Is Your Spouse Obsessed with Politics? 6 Ways You Can Help
The Hebrew sages wrote, “Better to live in a desert than with a quarrelsome and nagging wife” (Prov. 21:19). Of course, the same principle applies with quarrelsome, nagging husbands. And these days, few things cause as many unnecessary fights as political disagreements.
I get it. You’d like to think that because you’re married, you’ll see eye to eye on all political matters, but this is rarely the case. Personally, I like discussing important topics with my wife, but I know things are headed sideways when either of us begins to obsess over politics.
Unfortunately, I’ve seen political strife tear down hard-won trust in marriages, which makes me ask: Is there a way to navigate a spouse who is obsessed with politics?
While there is no silver bullet, there are a few ways you can help your husband or wife by addressing the drama both in the heat of the moment and after the dust settles.
6 Ways to Help Your Politics-Obsessed Spouse
- Watch out for anger. Brain scientists who study anger have shown that when we get angry, our brain suppresses its higher reasoning functions. Put simply, the angrier we get, the more stupid we get.
Of course, you don’t need a brain scan to discover this: “Whoever is slow to anger has great understanding, but he who has a hasty temper exalts folly” (Proverbs 14:29). If you find yourself getting angry, it’s probably time to shut up. If someone else is getting angry, don’t escalate. Instead, suggest that everyone take a breather and revisit the topic later.
- Ask a 1 to 10 question. Sometimes your spouse genuinely wants to have a dialogue about an important issue. Other times, she just wants a soapbox. To figure out which, ask her, “On a scale of 1 to 10, how certain are you that ____ is true?” If she answers between 8–10, then you can be certain she only wants a soapbox. Patiently endure and move on.
If she answers between 1–7, she wants a conversation. Don’t shy away from an interesting discussion! To move things forward, you can ask, “What would it take to change your mind on this topic?” You could love her by seeking out the mind-changing information (or having your own mind changed in the search).
- View it as a learning experience. Our certainty should only be proportionate to our knowledge. Unfortunately, much of our political knowledge comes from clickbaity headlines and news organizations that make money by making people angry.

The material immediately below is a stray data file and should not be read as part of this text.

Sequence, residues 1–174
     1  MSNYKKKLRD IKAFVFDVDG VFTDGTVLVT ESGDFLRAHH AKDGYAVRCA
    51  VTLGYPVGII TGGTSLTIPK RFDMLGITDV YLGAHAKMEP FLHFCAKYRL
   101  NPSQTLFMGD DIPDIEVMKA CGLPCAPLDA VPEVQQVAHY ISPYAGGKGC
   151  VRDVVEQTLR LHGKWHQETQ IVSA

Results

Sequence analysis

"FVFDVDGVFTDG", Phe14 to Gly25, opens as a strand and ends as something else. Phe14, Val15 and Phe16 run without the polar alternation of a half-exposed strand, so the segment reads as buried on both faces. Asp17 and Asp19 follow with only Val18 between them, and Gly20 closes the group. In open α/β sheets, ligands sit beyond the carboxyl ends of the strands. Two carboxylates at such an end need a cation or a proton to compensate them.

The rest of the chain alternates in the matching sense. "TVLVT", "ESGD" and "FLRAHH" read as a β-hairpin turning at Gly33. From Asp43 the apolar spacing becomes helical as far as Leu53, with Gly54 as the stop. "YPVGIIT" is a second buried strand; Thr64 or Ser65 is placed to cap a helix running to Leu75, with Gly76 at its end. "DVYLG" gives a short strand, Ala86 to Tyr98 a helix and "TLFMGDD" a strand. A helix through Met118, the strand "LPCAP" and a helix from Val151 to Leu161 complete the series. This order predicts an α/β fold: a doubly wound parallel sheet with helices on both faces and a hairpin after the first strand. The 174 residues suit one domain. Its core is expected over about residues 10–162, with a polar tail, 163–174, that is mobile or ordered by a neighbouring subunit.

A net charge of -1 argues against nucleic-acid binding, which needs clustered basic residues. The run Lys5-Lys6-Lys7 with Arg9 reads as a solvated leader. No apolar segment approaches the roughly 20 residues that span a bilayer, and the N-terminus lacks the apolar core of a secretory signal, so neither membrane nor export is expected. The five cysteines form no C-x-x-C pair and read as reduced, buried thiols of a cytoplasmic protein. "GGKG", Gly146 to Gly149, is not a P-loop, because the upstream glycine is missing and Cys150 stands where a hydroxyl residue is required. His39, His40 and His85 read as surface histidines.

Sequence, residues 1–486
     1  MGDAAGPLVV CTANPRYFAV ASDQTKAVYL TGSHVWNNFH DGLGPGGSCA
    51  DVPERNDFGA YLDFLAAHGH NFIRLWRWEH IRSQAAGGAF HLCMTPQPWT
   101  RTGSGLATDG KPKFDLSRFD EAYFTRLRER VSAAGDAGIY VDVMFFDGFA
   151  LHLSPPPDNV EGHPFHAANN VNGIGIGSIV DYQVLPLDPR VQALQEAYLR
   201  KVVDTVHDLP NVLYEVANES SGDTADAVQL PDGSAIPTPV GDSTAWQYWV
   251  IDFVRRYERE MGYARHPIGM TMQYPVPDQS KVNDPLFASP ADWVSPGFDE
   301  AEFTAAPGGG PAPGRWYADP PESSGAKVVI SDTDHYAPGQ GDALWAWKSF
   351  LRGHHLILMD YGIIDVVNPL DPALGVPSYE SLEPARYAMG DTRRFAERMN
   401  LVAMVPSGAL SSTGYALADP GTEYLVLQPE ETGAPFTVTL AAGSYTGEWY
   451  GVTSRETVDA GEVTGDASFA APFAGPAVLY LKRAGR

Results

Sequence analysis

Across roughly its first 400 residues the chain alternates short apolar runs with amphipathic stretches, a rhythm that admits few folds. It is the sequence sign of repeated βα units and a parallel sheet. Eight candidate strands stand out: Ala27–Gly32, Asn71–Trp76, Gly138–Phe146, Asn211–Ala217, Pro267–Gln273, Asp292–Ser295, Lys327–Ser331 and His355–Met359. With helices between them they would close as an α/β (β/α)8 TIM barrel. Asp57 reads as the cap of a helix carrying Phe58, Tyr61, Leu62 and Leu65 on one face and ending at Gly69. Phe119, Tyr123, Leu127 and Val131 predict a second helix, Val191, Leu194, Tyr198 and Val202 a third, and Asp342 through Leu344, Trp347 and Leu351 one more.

For that reason alone, you should doubt how well informed you personally are about any topic. Ask your spouse questions that allow him to express his opinions. Even if you disagree, hold your tongue. You might even learn something valuable about the topic.
- Interrogate any doubt. Of course, it’s equally true that your spouse may be speaking with more certainty than his knowledge justifies. If that’s the case, try asking: “What doubts or questions do you have about your perspective on this issue?” This will allow him space for a more thoughtful conversation, where you both can share questions and seek answers constructively.
- Emphasize shared identities. Unfortunately, politics has become a team sport. So, what’s at stake during a political argument? My team winning.
In the ancient world, ethnic strife worked the same way, so when it threatened to tear apart the early church, the apostle Paul tried to remind people that they were actually on the same team: “Here there is no Gentile or Jew, circumcised or uncircumcised, barbarian, Scythian, slave or free, but Christ is all, and is in all” (Colossians 3:11). Remind your spouse what you share: a faith, a name, a life together, experiences. Say, “Doesn’t that matter more than politics?”
- Confront with humility. “A gentle answer turns away wrath, but a harsh word stirs up anger” (Proverbs 15:1). When your spouse gets heated, give her a gentle answer: “I care about important issues, just like you do. It’s easy for me to get carried away, and I’m sure you’ve seen it. But don’t you think these fights are doing more harm than good? What if we stopped talking about these topics or revisited them when we are both a bit more levelheaded?” You might be surprised by how much a humble, non-judgmental confrontation disarms your spouse.
It's true: partisan tribalism can drive a wedge between you and your spouse. Thankfully, Jesus provided us with an example for rejecting tribalism and choosing unity.
Want something tangible to share with your spouse too? How about our podcast? Our first episode examines tribalism from a beginner’s perspective and might be a great place for them to start their journey to de-tribalize.
Posted by Patrick Miller